Caricature of the banjo player Will Pettitt, from an album of caricatures by George Cooke. Dated 18 June 1904.
Height: 25 cm, Width: 18 cm
This caricature is of the banjo player Will Pettitt, performing at The Grand Theatre of Varieties, Hanley, during the week commencing 11 June 1904. He was on the bill of a presentation of 'Uncle Tom's Cabin', a production advertised as featuring a 'Full Chorus of Real Negroes and Freed Slaves'. He was billed as 'Will Pettitt, Banjoist'. Other perfomers billed separately were Sylvia Stella 'Plantation Songstress and Dancer'; Inky Jones 'Eccentric Dancer'; William H. Nott 'the Celebrated Coloured Tenor'; Shorty May 'Acrobatic Dancer' and Dinah Washington 'Octoroon Ballad Vocalist'. The caricature comes from the first of several albums compiled by the graphic artist George Cooke when he was based at the Grand Theatre Hanley, featuring performers working in the music hall in the early 20th century. The album is dated 1903-4-5.
This caricature is of the banjo player Will Pettitt when he was performing on a tenor banjo at the Grand Theatre of Varieties, Hanley, during the week of 11 June 1904. It is one of the many superb caricatures of Edwardian music hall performers that were drawn by the artist George Cooke when he was based at the Grand Theatre. He compiled them in a series of albums. Pettitt was on the bill as an item in the musical show Uncle Tom’s Cabin. His banjo was probably made in America.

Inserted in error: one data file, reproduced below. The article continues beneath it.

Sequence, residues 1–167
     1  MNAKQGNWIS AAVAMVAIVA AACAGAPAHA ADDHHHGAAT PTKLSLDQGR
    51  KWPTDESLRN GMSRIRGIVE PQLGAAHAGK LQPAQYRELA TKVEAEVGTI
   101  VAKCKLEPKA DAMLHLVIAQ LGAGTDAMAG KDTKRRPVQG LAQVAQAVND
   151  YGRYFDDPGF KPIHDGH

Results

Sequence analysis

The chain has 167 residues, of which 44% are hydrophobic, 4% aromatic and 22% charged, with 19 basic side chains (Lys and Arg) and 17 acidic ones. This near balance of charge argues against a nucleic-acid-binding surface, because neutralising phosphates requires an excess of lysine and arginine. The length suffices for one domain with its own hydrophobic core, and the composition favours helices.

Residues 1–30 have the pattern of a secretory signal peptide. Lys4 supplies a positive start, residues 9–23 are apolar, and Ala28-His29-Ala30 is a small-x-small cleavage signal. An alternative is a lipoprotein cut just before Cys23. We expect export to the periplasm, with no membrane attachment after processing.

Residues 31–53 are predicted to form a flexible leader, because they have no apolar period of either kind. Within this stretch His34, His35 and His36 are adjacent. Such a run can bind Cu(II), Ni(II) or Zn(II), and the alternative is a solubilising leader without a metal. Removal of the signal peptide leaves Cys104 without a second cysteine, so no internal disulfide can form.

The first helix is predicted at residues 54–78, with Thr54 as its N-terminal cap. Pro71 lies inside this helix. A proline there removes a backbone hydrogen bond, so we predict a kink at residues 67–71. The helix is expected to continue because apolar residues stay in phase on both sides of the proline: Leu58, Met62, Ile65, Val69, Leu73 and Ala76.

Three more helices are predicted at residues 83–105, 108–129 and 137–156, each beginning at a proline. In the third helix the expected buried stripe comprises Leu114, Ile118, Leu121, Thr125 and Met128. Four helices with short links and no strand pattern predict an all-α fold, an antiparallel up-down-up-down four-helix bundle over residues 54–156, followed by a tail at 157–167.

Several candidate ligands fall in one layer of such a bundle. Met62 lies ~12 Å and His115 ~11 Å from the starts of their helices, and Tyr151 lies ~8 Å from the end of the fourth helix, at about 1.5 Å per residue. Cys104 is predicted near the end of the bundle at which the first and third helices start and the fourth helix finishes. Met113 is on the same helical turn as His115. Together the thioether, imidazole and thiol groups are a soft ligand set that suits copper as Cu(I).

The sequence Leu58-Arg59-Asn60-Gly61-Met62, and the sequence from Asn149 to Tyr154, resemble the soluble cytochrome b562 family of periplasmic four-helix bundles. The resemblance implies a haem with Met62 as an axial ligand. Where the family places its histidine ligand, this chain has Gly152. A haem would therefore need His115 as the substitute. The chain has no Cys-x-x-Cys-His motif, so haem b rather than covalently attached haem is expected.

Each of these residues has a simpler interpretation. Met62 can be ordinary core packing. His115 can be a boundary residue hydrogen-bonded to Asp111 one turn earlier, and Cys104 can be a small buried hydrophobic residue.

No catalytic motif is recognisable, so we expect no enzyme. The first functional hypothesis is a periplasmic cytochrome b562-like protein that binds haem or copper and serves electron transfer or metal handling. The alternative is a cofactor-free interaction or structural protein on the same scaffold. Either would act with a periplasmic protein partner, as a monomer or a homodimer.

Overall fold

The craze for banjo playing came to Great Britain from the USA in the mid-1880s. At this time thousands of pieces of music for the banjo were published, from marches and dances to arrangements of operatic music. In early 19th-century America the banjo was primarily associated with minstrel groups. By about 1900 it was also appreciated as a versatile solo instrument that could sustain an item on a music hall or variety bill, played by elegantly dressed performers such as Pettitt.